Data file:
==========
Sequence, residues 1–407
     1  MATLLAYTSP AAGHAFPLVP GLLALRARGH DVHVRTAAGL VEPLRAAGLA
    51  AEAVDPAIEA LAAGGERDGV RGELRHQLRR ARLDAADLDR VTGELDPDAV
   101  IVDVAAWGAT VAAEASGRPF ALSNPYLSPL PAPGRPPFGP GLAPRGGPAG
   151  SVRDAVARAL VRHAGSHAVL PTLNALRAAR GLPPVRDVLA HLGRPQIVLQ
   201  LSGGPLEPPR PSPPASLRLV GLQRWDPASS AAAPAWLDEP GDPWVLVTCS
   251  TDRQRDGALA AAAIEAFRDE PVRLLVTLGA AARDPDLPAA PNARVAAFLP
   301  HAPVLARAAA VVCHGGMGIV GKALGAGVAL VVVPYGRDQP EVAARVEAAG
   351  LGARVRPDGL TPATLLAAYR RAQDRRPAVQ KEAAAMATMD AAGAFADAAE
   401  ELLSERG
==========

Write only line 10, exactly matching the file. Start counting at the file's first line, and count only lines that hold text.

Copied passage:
   401  ELLSERG